Atlanta is full to bursting with amazing restaurants. Whether it’s authentic Neapolitan pizza, burgers made with grass-fed beef and topped with locally harvested ingredients, or lip-smacking, smoked-to-perfection BBQ, you can find it in the illustrious capital of the Peach State.
The trouble is that Atlanta is also full of foodies who flock to these places, so getting in to eat a meal can sometimes prove to be a bit of a challenge.
This is normally not a problem for my husband and me. A party of two, we zip in like Seal Team Six and are more than comfortable sitting at a small table or in a corner booth. And should there be a wait, we use the time to talk and enjoy one another’s company.
A few weeks ago, however, my family was in town for a visit. And when my kinfolk get together, one thing is certain—food is going to be a priority. But “swift” and “nimble” weren’t the words I would use to describe our motley crew of ten. There was a toddler and a pregnant woman involved, so getting a table—something that was so easy for a duet—proved to be much more difficult when our party more closely resembled the Von Trapp clan (minus the singing of course).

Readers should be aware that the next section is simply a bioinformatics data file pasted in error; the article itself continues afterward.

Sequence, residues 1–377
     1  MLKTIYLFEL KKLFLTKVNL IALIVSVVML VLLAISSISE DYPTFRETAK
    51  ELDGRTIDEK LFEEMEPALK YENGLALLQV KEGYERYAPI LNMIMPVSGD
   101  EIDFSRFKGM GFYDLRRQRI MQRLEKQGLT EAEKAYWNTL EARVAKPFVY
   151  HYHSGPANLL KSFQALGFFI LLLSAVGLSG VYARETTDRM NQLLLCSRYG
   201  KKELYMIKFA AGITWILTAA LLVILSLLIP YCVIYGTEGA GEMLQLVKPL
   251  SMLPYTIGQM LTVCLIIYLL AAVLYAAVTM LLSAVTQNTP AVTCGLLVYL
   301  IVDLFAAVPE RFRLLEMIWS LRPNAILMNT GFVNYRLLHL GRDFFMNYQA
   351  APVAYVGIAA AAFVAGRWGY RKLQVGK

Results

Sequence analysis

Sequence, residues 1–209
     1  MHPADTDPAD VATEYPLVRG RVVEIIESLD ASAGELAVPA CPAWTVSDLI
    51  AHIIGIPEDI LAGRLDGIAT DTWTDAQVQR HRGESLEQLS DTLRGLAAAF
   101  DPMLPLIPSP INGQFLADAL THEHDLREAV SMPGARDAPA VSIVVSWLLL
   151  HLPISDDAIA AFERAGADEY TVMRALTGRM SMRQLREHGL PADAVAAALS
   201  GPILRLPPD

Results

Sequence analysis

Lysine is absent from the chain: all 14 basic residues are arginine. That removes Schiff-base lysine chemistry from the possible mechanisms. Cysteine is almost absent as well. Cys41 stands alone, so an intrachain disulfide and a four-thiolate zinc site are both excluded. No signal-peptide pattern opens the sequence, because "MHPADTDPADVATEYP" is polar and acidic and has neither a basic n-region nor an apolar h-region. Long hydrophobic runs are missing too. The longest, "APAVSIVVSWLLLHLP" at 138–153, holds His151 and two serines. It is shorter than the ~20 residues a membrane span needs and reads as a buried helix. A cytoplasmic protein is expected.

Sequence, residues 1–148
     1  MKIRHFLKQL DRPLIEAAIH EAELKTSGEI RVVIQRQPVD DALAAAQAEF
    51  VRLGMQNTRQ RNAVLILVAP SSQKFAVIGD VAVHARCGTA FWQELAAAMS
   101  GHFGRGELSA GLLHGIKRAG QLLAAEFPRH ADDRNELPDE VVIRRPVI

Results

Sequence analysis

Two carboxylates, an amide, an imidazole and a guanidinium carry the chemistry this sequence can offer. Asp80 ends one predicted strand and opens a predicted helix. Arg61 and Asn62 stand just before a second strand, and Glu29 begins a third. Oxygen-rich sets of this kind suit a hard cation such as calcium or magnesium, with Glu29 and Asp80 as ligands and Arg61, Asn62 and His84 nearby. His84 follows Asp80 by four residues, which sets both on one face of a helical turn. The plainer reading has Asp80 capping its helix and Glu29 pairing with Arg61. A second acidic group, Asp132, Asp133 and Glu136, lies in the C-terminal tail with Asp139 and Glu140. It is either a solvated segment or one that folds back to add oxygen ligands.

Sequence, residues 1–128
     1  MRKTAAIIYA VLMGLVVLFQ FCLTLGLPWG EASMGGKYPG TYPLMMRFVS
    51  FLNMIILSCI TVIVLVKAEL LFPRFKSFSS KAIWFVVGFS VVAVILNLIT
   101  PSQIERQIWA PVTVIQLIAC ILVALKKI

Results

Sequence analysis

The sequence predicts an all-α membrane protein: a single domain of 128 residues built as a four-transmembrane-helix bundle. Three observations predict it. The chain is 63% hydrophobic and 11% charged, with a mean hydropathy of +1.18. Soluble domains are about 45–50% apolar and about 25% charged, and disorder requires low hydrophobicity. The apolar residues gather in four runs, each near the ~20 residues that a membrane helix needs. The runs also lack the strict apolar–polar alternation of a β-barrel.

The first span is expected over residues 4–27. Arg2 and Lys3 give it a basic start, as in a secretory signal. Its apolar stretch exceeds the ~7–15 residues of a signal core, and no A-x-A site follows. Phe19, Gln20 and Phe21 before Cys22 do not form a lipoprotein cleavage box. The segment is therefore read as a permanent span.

Making sure everyone was happy and well fed made me realize how hard parenting will be. My husband and I are adopting a sibling group from the foster care system, and our kids are going to come from something Dr. Karen Purvis calls “hard places”—homes marred by abuse and neglect. They will be a challenge; they will make demands of us and push our patience—and our faith—to the brink.
In her article in the May/June issue of In Touch Magazine, Amy Julia Becker discusses the trials and joys of parenthood and comes to the conclusion that “God was at work, not in spite of [her] children, but through them. They weren’t an obstacle to faith but, rather, a vehicle of grace.”
I take comfort in that statement because, if I’m honest, I sometimes feel frantic and lie awake at night thinking, I’m not ready for this. I will never be enough for them.
But Jesus is. He is everything they need and so much more. He alone can heal what is broken and redeem what seems beyond hope. He will use us to teach one another about His beautiful, matchless grace and love.
God didn’t intend parenthood to make us feel strong. If anything, it helps us understand just how feeble and powerless we truly are. And that’s a wonderful thing.
Read the full article, “Message in the Mess,” by Amy Julia Becker in the May/June issue of In Touch Magazine.